International support for Australian organ donation reform

International support for Australian organ donation reform

World-leading organ and tissue donation experts visiting Australia for the International Society for Organ Donation and Procurement Congress (ISODP 2013) today commended the progress made under Australia's reform program to increase organ and tissue donation.

Head of Croatia's Institute for Transplantation and Biomedicine, Dr Mirela Busic said Australia is taking the appropriate steps and following best practice, "The level of change Australia has experienced in organ donation over the last four years – a 43% increase – is a positive result.  It takes time to demonstrate the impact of reform initiatives and the Organ and Tissue Authority is taking the right steps towards further improvement."

Incoming President of the ISODP, and Executive Director of Organ Donation and Transplantation at the Canadian Blood Service, Kimberly Young, said there was much to learn from international collaboration, "International collaboration allows us to share our experience and discover new insights. In the past couple of days in Australia, there have been several ideas being implemented in Australia which have inspired me."

Gloria Paez, Education Director from Spain's Transplant Procurement Management (TPM) said Australia's approach to family donation conversations about organ and tissue donation is employed in world-leading countries like Spain, "All treating nurses and specialists working in intensive care are trained because they must work together when the rare opportunity for organ and tissue donation arises.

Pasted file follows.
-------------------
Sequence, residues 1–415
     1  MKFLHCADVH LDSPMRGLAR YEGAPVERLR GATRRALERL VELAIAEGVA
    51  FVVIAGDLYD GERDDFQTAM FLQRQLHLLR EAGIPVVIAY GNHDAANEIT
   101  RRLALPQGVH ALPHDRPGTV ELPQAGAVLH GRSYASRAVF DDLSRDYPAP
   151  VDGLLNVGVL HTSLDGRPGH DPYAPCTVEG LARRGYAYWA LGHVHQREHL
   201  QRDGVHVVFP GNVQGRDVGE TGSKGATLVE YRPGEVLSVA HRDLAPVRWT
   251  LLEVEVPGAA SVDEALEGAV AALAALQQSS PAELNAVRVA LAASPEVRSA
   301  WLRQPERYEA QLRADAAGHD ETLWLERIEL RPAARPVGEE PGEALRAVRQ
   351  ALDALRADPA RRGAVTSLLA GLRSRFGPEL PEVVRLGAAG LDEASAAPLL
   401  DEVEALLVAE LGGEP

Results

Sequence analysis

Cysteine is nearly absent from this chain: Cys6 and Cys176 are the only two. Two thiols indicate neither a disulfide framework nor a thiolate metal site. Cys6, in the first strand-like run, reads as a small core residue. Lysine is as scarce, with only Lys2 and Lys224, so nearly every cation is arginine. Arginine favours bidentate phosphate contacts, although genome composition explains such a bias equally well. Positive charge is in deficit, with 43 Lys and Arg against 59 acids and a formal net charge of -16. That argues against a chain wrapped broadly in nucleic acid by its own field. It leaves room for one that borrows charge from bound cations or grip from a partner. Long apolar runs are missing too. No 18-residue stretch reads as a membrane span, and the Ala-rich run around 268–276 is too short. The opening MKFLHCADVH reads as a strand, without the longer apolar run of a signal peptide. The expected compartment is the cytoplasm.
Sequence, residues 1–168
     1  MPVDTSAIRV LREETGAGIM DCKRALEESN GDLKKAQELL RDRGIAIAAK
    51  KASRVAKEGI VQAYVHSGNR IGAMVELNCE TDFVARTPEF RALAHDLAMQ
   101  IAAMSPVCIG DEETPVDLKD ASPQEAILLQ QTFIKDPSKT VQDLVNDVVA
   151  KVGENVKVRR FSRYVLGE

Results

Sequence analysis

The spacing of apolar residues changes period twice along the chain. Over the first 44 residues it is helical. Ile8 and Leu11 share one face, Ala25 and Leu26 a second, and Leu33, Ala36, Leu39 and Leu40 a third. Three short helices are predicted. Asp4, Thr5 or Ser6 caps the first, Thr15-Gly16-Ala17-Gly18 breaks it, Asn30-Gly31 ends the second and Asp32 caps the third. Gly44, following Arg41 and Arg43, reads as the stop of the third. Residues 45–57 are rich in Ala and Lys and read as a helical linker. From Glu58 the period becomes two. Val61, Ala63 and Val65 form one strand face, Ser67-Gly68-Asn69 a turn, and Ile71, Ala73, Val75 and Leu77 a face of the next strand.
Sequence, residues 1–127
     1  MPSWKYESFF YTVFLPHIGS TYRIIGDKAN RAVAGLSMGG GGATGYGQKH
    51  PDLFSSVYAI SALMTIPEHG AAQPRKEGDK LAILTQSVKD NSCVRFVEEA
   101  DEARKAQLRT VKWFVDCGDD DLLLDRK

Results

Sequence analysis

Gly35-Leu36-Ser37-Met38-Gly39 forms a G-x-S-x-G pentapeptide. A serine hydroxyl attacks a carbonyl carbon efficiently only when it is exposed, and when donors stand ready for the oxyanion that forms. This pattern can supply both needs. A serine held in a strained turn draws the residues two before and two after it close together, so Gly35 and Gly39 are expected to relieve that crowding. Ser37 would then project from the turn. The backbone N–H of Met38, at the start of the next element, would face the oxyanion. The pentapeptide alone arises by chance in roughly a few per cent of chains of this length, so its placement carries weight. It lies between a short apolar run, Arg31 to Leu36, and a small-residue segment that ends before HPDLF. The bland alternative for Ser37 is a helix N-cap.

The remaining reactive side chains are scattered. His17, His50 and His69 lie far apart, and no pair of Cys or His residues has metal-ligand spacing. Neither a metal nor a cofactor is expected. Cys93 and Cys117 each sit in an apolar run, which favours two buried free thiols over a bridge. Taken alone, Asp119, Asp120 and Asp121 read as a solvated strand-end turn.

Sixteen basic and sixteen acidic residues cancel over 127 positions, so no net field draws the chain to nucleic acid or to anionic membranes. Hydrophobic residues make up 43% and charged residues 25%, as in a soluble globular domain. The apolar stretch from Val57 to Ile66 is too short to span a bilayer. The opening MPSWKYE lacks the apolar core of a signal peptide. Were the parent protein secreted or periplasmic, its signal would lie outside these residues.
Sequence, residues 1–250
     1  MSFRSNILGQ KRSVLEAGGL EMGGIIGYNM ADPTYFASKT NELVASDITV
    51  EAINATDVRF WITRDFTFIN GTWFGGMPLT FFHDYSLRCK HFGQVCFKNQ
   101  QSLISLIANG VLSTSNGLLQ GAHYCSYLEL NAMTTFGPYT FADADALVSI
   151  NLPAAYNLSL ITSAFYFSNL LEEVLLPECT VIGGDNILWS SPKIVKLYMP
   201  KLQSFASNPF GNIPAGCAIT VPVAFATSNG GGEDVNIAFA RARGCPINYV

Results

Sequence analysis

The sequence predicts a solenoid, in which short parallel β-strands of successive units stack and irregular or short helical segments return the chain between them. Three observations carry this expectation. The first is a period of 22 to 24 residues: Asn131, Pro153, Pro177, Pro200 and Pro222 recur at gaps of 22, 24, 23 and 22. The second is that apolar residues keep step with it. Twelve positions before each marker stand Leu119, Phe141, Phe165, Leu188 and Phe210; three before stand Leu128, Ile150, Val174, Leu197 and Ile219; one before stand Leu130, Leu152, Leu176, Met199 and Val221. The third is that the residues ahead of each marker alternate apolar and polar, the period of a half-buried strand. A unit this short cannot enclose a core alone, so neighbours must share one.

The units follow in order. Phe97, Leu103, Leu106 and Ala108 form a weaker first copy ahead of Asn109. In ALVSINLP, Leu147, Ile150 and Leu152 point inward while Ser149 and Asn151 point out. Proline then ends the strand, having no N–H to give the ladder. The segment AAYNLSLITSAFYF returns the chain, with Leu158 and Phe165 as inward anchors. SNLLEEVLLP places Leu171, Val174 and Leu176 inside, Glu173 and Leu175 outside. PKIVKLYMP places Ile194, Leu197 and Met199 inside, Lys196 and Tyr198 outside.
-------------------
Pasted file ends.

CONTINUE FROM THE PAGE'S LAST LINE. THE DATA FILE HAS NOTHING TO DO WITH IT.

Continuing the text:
"A collaborative approach to discussing donation with families is taught as part of the Australian training of health professionals. This is the same as the Spanish and other international requesting models," said Ms Paez.

Reflecting on a tour of The Austin Hospital in Melbourne earlier this week, LifeSource (USA) CEO, Susan Gunderson, said, "Australia has spent a great deal of time investing in staff training and this is paying off. It shows that there is good knowledge in the hospital system of donation activity and outcomes." 

CEO of the Gift of Life Institute (USA) and past ISODP President, Howard Nathan said, "The work that's gone into education, the collaboration of the critical care physicians, the work of the DonateLife team is achieving incredible results. You have clinical support and public support. That's the secret to a good program.

"The family donor conversation training is the crucial conversation. Nurses and medical staff need to be comfortable to have that conversation and to be an advocate for the donor family. We're there to achieve a good result and to ensure the family feels supported," he said.

CEO of the Organ and Tissue Authority, Yael Cass said that Australia is on track in 2013 to achieve its fourth consecutive year of the highest number of organ donors and transplant recipients.

Ms Cass says the collaboration with the US based Gift of Life Institute to implement best practice family donation conversation training in Australia has been key to supporting families in the rare position to decide about proceeding with organ and tissue donation and improving consent rates.

The Congress opens in Sydney on Thursday 21 November and concludes on Sunday. 

- Ends -

Released 20 November 2013

For more information and media interviews, please contact the ISODP Media Team:
Anna Chalko 0401 264 949; or Lauren Metcalfe 0431 658 933.

Facts about organ and tissue donation in Australia
Organ donation remains a rare possibility. Less than one per cent of people die in intensive care units or emergency departments in the specific circumstances required to be a potential organ donor
At June 2013, our deceased donation consent rate had increased to 64 per cent from 54 per cent in 2010.
In 2012, 354 organ donors saved and transformed the lives of 1,053 Australians. In 2009, there were 247 organ donors


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